Without major changes, Illinois’ antiquated, overcrowded prisons will continue to endanger inmates, staff and the public. Reducing prison populations to humane levels is an essential first step. New facilities and programming can then provide conditions for effective rehabilitation, safety and successful reentry. With common-sense reforms, even Illinois’ most notorious prisons can become places where inmates learn skills, change behaviors and prepare for constructive, law-abiding lives after release.

Frequently Asked Questions about Illinois Prisons

What are the main problems with prisons in Illinois?

The main problems are overcrowding, outdated facilities, lack of programming/activities for inmates, inadequate healthcare, understaffing, and gang violence. Most facilities were built decades ago and can’t humanely support their current populations.

Why are Illinois prisons so overcrowded?

Main reasons for overcrowding include harsh mandatory minimum sentencing laws, eliminating parole, the War on Drugs, mental illness, and lack of community resources/reentry support. The state has not constructed new prisons or expanded facilities fast enough to keep up with its rapidly growing inmate population.

How does overcrowding affect prisons?

Overcrowding makes conditions unsafe and inhumane for both inmates and staff. It strains utilities like plumbing and electricity. It leads to lack of resources and activities for prisoners. Tensions rise, resulting in more violence. Contraband and gangs also thrive. Healthcare is inadequate to meet needs.

What is being done to fix these problems?

There have been some criminal justice reforms aimed at reducing incarceration of nonviolent offenders. Some facilities got funding to expand. But expanded rehabilitation and reentry programs are needed. Building new, modern prisons would help long-term but takes major funding. The state still struggles with overcrowding and decaying infrastructure.

Which are considered the worst prisons in Illinois?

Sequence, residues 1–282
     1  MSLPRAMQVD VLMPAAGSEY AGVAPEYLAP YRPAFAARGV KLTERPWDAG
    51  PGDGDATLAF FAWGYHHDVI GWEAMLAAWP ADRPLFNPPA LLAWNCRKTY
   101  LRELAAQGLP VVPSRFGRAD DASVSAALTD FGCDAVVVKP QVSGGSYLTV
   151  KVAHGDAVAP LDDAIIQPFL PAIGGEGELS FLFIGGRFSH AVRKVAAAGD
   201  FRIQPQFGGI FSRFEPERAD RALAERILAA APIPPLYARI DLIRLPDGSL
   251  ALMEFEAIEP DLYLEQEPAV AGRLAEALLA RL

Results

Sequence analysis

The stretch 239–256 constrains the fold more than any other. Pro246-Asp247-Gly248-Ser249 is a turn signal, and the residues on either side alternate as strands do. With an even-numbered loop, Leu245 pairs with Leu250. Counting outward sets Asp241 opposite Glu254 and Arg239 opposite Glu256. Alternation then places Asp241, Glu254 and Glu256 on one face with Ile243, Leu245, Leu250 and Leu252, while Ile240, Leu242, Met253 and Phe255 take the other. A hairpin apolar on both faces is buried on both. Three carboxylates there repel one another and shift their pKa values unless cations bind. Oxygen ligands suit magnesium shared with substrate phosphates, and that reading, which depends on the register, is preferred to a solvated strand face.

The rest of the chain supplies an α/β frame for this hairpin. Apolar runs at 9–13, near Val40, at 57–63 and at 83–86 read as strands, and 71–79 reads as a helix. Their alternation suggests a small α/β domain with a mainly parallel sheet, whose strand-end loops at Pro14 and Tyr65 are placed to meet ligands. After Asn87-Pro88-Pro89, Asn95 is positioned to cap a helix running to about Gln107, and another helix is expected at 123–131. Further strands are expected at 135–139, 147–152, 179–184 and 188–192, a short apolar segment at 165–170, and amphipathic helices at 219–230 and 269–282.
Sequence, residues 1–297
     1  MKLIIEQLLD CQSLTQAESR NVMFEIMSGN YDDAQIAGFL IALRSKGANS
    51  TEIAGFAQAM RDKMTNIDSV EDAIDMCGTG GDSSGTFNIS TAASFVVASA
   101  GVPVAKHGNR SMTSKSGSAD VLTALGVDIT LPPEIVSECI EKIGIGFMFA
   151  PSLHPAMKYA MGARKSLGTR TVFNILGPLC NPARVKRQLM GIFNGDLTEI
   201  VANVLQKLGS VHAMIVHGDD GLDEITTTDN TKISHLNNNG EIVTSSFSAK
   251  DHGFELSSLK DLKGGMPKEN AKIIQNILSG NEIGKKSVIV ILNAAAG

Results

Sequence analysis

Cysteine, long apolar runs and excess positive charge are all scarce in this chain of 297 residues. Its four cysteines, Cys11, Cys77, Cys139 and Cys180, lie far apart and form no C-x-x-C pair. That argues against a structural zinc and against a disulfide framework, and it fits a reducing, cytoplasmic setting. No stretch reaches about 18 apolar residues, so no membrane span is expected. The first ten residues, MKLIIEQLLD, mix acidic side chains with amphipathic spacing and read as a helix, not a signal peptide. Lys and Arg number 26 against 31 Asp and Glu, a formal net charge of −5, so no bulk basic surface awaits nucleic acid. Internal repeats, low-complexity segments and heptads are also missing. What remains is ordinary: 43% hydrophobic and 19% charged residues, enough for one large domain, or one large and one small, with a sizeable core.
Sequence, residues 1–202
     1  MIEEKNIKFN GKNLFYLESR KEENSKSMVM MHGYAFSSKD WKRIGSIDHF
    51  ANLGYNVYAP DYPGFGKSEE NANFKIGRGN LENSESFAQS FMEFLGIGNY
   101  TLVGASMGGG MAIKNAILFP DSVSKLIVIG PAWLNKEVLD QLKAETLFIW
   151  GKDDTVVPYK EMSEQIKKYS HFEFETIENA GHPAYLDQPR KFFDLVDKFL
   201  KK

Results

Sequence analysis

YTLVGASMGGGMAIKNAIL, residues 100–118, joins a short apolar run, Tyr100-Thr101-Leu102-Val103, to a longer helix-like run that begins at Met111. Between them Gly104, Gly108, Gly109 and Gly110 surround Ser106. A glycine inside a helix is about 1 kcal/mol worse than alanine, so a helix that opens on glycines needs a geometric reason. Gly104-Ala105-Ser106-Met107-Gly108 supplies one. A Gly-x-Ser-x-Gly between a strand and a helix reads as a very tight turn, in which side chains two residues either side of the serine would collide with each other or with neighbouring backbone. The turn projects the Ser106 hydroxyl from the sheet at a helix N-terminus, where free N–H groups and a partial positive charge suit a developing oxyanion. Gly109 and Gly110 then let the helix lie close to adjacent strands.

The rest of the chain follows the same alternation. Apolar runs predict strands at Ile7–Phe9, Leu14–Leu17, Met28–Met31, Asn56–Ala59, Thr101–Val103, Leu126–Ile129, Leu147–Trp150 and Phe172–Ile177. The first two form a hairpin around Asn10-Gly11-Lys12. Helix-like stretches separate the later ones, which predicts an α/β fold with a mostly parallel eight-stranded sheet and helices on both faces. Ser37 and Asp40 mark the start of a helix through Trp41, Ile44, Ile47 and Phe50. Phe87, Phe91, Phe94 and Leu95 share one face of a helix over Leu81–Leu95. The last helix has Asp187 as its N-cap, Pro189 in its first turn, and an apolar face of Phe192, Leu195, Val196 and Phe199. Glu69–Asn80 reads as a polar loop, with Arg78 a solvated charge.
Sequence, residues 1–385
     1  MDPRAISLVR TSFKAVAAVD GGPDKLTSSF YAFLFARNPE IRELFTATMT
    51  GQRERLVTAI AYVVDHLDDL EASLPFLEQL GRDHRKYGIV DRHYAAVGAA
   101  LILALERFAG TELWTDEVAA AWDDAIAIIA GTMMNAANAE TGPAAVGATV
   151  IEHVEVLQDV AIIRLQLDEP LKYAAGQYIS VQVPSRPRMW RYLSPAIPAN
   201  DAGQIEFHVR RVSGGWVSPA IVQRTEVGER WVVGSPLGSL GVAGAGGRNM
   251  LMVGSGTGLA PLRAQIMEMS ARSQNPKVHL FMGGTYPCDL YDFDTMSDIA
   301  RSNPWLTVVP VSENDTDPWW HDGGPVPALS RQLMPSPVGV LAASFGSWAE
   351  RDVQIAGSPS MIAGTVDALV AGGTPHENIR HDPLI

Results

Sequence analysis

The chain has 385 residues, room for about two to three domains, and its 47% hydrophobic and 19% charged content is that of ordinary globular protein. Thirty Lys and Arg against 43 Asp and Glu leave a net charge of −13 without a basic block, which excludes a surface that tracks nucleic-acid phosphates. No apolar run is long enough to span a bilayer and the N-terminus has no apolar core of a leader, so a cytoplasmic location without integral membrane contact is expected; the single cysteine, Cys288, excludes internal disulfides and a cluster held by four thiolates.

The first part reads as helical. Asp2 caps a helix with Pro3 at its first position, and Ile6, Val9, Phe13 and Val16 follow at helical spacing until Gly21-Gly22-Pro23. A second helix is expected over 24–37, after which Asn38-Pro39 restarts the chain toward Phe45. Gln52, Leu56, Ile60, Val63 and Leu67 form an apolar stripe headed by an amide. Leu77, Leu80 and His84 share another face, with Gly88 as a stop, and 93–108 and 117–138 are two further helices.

Menard, Stateville, and Pontiac are generally named as Illinois’ oldest and most hazardous maximum security prisons. Due to extreme overcrowding, Logan, Shawnee, Vienna, and Pinckneyville also get noted as unsafe. Prisons built decades ago like Menard and Stateville tend to have the worst reputations.

How can conditions and safety be improved?

Reducing inmate populations through parole, diversion programs, sentence reform would alleviate crowding issues. Staff training and hiring more guards would help. Upgrading facilities and more vocational/rehab programs would make prisoners less idle. But expanding and constructing new prisons requires huge taxpayer investment. It ultimately comes down to budget priorities.

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We are dedicated to exploring the intricacies of prison life and justice reform through firsthand experiences and expert insights.

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Welcome to ‘Prison Inside,’ a blog dedicated to shedding light on the often hidden and misunderstood world within correctional facilities. Through firsthand accounts, personal narratives, and insightful reflections, we delve into the lives of those who find themselves behind bars, offering a unique perspective on the challenges, triumphs, and transformations that unfold within the confines of these walls.